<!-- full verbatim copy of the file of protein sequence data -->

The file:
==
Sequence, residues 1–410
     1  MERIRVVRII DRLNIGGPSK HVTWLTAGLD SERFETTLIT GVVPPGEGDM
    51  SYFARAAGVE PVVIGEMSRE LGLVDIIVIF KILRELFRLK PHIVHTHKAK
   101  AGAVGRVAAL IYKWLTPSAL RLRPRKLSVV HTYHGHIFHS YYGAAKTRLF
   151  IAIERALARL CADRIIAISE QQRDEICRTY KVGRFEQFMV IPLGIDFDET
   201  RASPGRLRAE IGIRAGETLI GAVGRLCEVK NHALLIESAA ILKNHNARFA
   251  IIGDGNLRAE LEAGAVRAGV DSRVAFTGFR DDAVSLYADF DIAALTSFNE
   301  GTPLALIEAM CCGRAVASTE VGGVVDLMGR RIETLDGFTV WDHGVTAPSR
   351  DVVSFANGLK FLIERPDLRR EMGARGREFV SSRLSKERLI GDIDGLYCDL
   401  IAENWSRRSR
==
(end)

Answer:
Sequence, residues 1–410
     1  MERIRVVRII DRLNIGGPSK HVTWLTAGLD SERFETTLIT GVVPPGEGDM
    51  SYFARAAGVE PVVIGEMSRE LGLVDIIVIF KILRELFRLK PHIVHTHKAK
   101  AGAVGRVAAL IYKWLTPSAL RLRPRKLSVV HTYHGHIFHS YYGAAKTRLF
   151  IAIERALARL CADRIIAISE QQRDEICRTY KVGRFEQFMV IPLGIDFDET
   201  RASPGRLRAE IGIRAGETLI GAVGRLCEVK NHALLIESAA ILKNHNARFA
   251  IIGDGNLRAE LEAGAVRAGV DSRVAFTGFR DDAVSLYADF DIAALTSFNE
   301  GTPLALIEAM CCGRAVASTE VGGVVDLMGR RIETLDGFTV WDHGVTAPSR
   351  DVVSFANGLK FLIERPDLRR EMGARGREFV SSRLSKERLI GDIDGLYCDL
   401  IAENWSRRSR